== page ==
- Question from Beneteau: What is the best type of acupuncture or touch therapies to combat post chemo and radiation fatigue?
Beth Baughman DuPree, M.D., F.A.C.S.
Again, the best modality of treatment is often dependent upon the person receiving the treatment. I am a firm believer that so many complementary therapies will be able to work on combating the chemo and radiation fatigue. The exact therapy that is best I do not believe could ever be determined, as this is very user-dependent.
What works best for one patient may not work for another. My recommendation would be to talk to either your physician or someone from your support network in your area. If they can make a recommendation of what worked for them or other patients, that's a good starting point. You can always be open to trying a new form of therapy to get back to that safe place and a normal energy level.
- Tracy Walton Because different people tolerate radiation and chemotherapy differently, I would echo that there are no one or two kinds of massage or touch therapies that are best. However, I will say that modalities that involve strong pressure are usually contraindicated for people going through chemo and radiation. They can be, in and of themselves, fatiguing. This is a time when massage therapy should support the body and help it integrate the therapies, rather than place additional demands on it. This is why it's important to seek a massage practitioner who is trained and skilled with people going through cancer treatment so that they recognize and apply those adjustments in their work with people. The body needs its resources for healing at that time and managing the treatment, so massage should not place any additional demands on the resources.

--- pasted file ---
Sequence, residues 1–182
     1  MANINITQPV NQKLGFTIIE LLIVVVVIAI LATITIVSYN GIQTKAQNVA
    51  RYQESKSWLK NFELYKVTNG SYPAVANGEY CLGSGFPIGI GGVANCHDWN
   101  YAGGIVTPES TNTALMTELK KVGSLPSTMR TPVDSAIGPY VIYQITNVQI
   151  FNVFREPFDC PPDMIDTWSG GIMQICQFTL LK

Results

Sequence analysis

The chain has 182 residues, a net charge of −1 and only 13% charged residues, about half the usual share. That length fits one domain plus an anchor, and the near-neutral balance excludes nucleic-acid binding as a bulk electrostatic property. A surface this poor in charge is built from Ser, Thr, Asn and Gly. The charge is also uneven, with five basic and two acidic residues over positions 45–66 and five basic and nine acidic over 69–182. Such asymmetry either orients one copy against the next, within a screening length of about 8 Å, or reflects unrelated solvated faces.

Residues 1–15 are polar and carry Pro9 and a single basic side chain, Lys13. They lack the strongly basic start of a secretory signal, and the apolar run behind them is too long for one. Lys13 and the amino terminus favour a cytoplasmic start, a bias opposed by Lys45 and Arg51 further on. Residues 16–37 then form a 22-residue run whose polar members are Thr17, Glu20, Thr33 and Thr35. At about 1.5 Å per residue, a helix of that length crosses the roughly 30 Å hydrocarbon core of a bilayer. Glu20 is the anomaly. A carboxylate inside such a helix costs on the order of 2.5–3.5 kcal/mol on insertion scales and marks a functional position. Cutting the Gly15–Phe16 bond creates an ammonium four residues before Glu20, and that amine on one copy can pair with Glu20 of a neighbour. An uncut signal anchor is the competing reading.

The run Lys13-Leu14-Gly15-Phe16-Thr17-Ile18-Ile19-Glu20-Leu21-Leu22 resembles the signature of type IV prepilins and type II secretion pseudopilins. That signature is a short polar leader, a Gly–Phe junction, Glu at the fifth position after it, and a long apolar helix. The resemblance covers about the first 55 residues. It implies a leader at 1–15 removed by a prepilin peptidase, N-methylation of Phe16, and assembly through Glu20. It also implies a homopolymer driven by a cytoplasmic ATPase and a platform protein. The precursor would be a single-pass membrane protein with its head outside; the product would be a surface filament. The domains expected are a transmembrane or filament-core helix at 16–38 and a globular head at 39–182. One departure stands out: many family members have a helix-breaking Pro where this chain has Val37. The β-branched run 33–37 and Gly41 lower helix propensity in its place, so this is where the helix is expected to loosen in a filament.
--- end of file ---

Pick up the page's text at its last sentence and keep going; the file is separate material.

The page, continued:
- Mary Ellen Scheckenbach I'd like to reemphasize Tracy's point about being a practitioner who is well trained and skilled, because although many kinds of acupuncture could potentially treat the fatigue, it will be most effective done by someone who can do a good Chinese medicine diagnostic workup, which would attempt to understand the person's constitution and the particular effects that radiation and chemotherapy have exerted on that person.
On Wednesday, March 16, 2005, our Ask-the-Expert Online Conference was called Acupuncture and Touch Therapies. Mary-Ellen Scheckenbach, M.Ac., Tracy Walton, L.M.T., M.S., and moderator Beth Baughman Dupree, M.D., F.A.C.S. answered your questions about acupuncture and touch therapies.
The materials presented in these conferences do not necessarily reflect the views of Breastcancer.org. A qualified healthcare professional should be consulted before using any therapeutic product or regimen discussed. All readers should verify all information and data before employing any therapies described here.
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